I don’t even remember what started the argument. It had escalated. Words were cutting, feelings were hurt and pride walls were built.
I laid in bed at night mulling over it all, playing back on repeat all that he said but having perfect amnesia over my own sinful words and attitudes. But as I nestled into my chair in the morning, Bible open, the ugliness of my own heart was gently revealed to me by the Holy Spirit.
Seems the root of most arguments stem from the same thing that Jesus caught His disciples arguing over in Luke 9:46-48. Who is the greatest?
When I allow my pride to rear it’s head and I defend and accuse and throw darts with my words, Jesus gets no glory and self gets more hurt than I care to admit.
A life without arguments is surely impossible. We, fallen sinners, live in a fallen world of injustices, stressors and pain. Hurt people hurt people, they say. And prideful people do too, for that matter! And in our core aren’t we mostly just a self-focused prideful people?
When we tend our lives and souls by His Word and we are consistently plucking the weeds and nourishing the good soil of our hearts, we can find a way to bear fruit even in the arguments.
When we tend our lives and souls by His Word and we are consistently plucking the weeds and nourishing the good soil of our hearts, we can find a way to bear fruit even in the arguments. #write28days #argumentTweet
Having had plenty of argument practice, due often to my own sin, I have found Psalm 4 to be mighty helpful and practical. The psalm has been an encouraging reminder to me for tending my soul in an argument and when I choose to yield to it (and His ways), then I find I bear fruit and God is glorified.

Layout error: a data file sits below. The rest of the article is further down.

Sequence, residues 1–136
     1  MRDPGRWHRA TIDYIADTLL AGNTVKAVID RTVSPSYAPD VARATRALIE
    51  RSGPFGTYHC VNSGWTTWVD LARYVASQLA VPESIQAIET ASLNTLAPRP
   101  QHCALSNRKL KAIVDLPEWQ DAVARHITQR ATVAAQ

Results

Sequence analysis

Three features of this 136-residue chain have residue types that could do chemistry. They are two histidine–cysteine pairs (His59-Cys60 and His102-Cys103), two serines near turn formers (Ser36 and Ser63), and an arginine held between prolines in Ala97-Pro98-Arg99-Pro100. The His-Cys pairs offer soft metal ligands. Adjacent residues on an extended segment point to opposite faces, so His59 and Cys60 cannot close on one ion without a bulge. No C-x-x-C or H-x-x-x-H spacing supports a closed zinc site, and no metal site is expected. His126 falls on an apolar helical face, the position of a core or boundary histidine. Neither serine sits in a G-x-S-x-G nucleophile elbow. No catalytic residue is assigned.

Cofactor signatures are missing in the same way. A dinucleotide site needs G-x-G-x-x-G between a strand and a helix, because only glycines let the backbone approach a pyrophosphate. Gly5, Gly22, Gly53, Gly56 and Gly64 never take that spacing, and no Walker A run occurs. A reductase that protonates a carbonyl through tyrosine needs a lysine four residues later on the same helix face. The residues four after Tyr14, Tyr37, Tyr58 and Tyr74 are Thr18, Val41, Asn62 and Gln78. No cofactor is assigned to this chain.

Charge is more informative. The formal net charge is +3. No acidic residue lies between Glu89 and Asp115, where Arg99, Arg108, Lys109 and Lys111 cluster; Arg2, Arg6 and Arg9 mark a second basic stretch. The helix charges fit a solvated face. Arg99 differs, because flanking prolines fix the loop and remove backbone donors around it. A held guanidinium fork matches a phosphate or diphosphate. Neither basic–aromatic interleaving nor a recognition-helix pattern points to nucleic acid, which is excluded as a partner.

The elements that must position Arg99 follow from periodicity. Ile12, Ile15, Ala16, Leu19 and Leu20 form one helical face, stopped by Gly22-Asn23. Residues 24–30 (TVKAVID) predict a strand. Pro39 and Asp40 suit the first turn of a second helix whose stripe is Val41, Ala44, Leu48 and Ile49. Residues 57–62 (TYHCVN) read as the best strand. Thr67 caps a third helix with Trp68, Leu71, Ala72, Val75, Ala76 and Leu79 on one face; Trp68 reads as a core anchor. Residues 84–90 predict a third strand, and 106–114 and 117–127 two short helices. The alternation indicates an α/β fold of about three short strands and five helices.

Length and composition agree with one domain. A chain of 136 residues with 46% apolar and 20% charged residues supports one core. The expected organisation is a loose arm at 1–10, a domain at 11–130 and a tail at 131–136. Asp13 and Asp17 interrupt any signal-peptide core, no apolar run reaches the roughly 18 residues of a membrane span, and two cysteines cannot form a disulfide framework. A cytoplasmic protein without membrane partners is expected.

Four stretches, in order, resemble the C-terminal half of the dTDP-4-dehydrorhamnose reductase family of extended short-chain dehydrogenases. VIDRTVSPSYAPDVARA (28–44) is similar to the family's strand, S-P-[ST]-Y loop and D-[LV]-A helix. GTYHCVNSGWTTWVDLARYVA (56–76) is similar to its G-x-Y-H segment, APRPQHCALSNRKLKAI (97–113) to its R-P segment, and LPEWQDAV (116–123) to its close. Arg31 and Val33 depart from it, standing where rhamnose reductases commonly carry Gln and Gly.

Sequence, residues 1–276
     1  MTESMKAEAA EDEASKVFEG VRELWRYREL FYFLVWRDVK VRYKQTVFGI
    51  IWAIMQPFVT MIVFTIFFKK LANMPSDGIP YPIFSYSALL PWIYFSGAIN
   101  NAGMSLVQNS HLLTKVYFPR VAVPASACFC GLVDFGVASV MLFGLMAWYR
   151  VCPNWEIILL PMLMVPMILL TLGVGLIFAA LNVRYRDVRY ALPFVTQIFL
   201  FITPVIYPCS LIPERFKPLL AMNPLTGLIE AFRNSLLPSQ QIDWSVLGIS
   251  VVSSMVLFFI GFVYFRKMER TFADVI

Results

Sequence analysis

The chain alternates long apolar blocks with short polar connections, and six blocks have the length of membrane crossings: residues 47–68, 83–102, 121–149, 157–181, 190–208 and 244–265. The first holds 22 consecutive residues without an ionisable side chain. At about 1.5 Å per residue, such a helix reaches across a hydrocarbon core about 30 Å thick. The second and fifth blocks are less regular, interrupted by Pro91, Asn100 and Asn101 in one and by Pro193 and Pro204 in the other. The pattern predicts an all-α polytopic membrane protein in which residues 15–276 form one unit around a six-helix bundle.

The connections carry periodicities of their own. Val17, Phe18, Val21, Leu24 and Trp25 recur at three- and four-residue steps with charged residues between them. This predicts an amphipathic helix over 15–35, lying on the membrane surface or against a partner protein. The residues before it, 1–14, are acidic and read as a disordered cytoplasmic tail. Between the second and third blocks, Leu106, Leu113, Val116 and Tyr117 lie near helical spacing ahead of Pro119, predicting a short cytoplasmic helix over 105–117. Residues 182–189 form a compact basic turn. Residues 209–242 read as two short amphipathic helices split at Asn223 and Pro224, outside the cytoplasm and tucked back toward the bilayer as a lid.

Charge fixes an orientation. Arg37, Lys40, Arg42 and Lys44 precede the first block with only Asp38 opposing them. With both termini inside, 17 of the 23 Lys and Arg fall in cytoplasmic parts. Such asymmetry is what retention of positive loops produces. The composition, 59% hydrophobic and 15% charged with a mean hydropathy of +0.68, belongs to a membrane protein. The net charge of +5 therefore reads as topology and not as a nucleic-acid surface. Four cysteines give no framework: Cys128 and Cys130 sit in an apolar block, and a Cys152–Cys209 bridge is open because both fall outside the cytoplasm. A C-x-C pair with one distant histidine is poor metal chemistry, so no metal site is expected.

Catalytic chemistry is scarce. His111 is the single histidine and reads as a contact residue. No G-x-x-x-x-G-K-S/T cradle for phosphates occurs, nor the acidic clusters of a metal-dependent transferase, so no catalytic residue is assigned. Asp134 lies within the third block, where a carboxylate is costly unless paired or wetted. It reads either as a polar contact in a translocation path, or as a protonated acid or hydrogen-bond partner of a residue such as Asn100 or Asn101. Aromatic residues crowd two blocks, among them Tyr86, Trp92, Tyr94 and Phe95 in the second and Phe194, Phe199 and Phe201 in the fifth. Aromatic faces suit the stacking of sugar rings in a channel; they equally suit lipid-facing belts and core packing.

First of all, when an argument arises, according to the opening of this psalm, we can take it to the Lord knowing he hears. When my husband or myself (usually more him), can catch the argument before it escalates and invites the other to pause and pray together, then the argument can be diffused. Reminding our hearts and one another that God is listening, present and knowing the reasoning of our hearts (Luke 9:47) helps to shift things.
Secondly, Psalm 4:4 reminds us to be silent and ponder on our bed. Step away in an argument and shut thy mouth can be the best advice in the heat of the moment. We too easily (well I too easily) can say what we will regret when tensions rise and pride takes over. Pausing long enough to get on our bed, apart, alone and be silent can keep us from sin and further relationship destruction.
Finally, we can offer right sacrifices and put our trust in the LORD according to verse five. New Testament believers do not need to offer sacrifices of bulls and sheep, Jesus was our sacrifice. But Romans 12:1-2 calls us to be living sacrifices as our act of worship to the Lord.
When we are in the midst of an argument with someone it can be a sacrifice for us to choose to lay down our “rightness” and show preference towards the other person. It requires trusting God to make right what is wrong, in both of us. It is a sacrifice unto God to just lay it down and trust Him with it. But that is often where we actually “win” the argument because we have turned it over to the Lord and He gets the glory.
Trusting God and tending our way, even in an argument, is taking it to Him, being silent on our bed and laying down our perceived greatness. He is glorified when we choose to obey Him and walk in His ways, then it’s a win for us every time.
Fixing our eyes on Him can shift our focus in an argument. Drop your email below and get 20 names of God that can help you refocus your own heart and begin to walk in such a way that glorifies God.